header Notes Collection
Top

5 Pounds 1950, South Africa

in Krause book Number: 97a
Years of issue: 01.09.1950
Edition:
Signatures: President Governor: Dr. Michiel Hendrik de Kock (01.07.1945 - 30.06.1962)
Serie: 1948 - 1959 Issue
Specimen of: 03.04.1950
Material: 100% raw cotton
Size (mm): 171 x 96
Printer: Local print, South Africa

* All pictures marked magnify are increased partially by magnifying glass, the remaining open in full size by clicking on the image.

** The word "Specimen" is present only on some of electronic pictures, in accordance with banknote images publication rules of appropriate banks.

5 Pounds 1950

Description

Watermark:

watermark

Jan van Riebeeck (or Bartholomeus Vermuyden)

Avers:

5 Pounds 1950

Riebeeck Bartholomeus VermuydenThe engraving on banknote is made after this portrait by Dirck Craey, 1650. Oil on panel, size 74 × 57. Today is in Amsterdams Rijksmuseum.

There are one interesting story about a mistake, made with this portrait on South African banknotes.

"Chiselled features, flowing locks and a manicured mustache. It’s a face that has been immortalized in South African history books, not to mention the paper currency introduced after the country became a republic in 1961.

But, as it turns out, the portrait, a symbol of national pride during the apartheid era, is not of Jan van Riebeeck, but most likely of a Dutch local who never even set foot in the country.

Jonkheer van Kretschmar, a genealogist, concluded in 1984 that the painting from which the image was borrowed was not of Van Riebeeck, the man who arrived with three ships in Table Bay in 1652.

He stated that the portrait, which was painted by Dirck Craey and is now in the possession of Amsterdam’s Rijksmuseum, was probably of another Dutchman named Bartholomeus Vermuyden.

On Rijksmuseum this painting is labelled as “A Portrait of a Man, presumably Bartholomeus Vermuyden”. Similarly, a painting believed to be of Van Riebeeck’s wife is also a case of mistaken identity.

A few scenarios have been posited in abstracts and articles online, but the most likely answer seems to be that it was a rushed job during the acquisition process.

In what is believed to be an actual portrait of the Dutch settler, also on display at the Rijksmuseum, Van Riebeeck’s appearance is markedly different from the face on South Africa’s old currency. Van Kretschmar’s rewriting of history may be less flattering, but it is at least more accurate.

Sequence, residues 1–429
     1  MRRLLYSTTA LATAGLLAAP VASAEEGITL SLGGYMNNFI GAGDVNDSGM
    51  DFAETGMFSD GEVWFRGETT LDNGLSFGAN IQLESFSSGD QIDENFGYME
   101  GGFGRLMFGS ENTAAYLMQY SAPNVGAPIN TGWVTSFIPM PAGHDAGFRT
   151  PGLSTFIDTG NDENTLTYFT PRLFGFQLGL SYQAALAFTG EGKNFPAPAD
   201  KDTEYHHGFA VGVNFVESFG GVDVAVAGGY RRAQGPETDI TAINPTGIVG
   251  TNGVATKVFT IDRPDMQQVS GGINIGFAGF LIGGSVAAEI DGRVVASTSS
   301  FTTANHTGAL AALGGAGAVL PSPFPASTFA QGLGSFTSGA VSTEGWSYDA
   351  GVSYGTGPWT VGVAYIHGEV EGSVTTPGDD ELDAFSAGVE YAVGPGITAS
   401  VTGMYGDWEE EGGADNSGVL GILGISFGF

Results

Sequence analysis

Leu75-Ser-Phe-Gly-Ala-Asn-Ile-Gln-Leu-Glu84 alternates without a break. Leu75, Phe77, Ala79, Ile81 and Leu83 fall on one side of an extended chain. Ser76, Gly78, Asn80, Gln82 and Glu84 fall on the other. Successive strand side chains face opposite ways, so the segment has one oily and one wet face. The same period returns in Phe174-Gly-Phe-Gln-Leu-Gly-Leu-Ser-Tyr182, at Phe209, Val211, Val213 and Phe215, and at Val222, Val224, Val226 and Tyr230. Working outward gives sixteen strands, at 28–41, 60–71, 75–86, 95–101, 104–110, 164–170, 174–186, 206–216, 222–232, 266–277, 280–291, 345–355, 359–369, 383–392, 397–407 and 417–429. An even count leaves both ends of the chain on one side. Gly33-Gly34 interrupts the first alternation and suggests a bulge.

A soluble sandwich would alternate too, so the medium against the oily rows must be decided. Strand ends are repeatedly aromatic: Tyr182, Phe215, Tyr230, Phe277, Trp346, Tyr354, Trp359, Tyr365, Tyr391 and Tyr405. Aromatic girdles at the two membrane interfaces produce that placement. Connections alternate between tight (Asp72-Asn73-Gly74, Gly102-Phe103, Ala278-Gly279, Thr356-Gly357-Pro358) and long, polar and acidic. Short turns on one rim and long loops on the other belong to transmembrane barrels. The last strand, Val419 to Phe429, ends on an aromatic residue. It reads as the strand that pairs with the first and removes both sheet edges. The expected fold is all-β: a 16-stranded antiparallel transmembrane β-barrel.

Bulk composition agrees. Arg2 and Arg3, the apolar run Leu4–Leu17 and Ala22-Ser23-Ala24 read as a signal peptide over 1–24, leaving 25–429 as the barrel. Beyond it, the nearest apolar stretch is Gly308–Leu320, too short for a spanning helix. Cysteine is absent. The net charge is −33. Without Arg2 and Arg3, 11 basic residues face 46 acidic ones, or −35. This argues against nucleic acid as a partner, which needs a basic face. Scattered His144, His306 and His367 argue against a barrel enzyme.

And given that we’re now not at all sure what Van Riebeeck looked like, who was the model for his statue on the Foreshore, which was donated to the city by the Dutch Jan van Riebeeck Society in 1952, 300 years after Van Riebeeck first set foot at the Cape to start a refreshment station for the Dutch East India Company? (Business Report)

Johan Anthoniszoon "Jan" van Riebeeck (21 April 1619 - 18 January 1677).

He was a Dutch colonial administrator and founder of Cape Town. In 1651 he volunteered to undertake the command of the initial Dutch settlement in the future South Africa. He landed three ships (Dromedaris, Reijger and Goede Hoop) at the future Cape Town on 6 April 1652 and fortified the site as a way-station for the VOC trade route between the Netherlands and the East Indies. The primary purpose of this way-station was to provide fresh provisions for the VOC fleets sailing between the Dutch Republic and Batavia, as deaths en route were very high. The Walvisch and the Oliphant arrived later in 1652, having had 130 burials at sea.

Van Riebeeck was Commander of the Cape from 1652 to 1662; he was charged with building a fort, with improving the natural anchorage at Table Bay, planting cereals, fruit and vegetables and obtaining livestock from the indigenous Khoi people. In the Kirstenbosch National Botanical Garden in Cape Town there are a few Wild Almond trees still surviving. The initial fort, named Fort de Goede Hoop (Fort of Good Hope) was made of mud, clay and timber, and had four corners or bastions. This fort was replaced by the Castle of Good Hope, built between 1666 and 1679 after van Riebeeck had left the Cape.

At the top are the names of the bank in English and Afrikaans.

An inscription: "I promise to pay the bearer on demand at Pretoria, Ek beloof op aanvraag te betaal aan toonder te Pretoria".

Low, centered, are Voortrekkers (Voor-trekkers).

VoortrekkersThe basic motive for engraving on banknote is taken after this colored illustration from Ian D. Colvin's book "South Africa", published by London publisher "Caxton Pub. Co." in 1909. The illustration made by G. S. Smithard and J. S. Skelton.

You can read or download this book here: (Open library).

Voortrekker, Afrikaans: Pioneer, Leading Migrant, or “those, who go ahead”, any of the Boers (Dutch settlers or their descendants), or, as they came to be called in the XX century, Afrikaners, who left the British Cape Colony in Southern Africa after 1834 and migrated into the interior Highveld north of the Orange River. During the next 20 years, they founded new communities in the Southern African interior that evolved into the colony of Natal and the independent Boer states of the Orange Free State and the South African Republic (the Transvaal).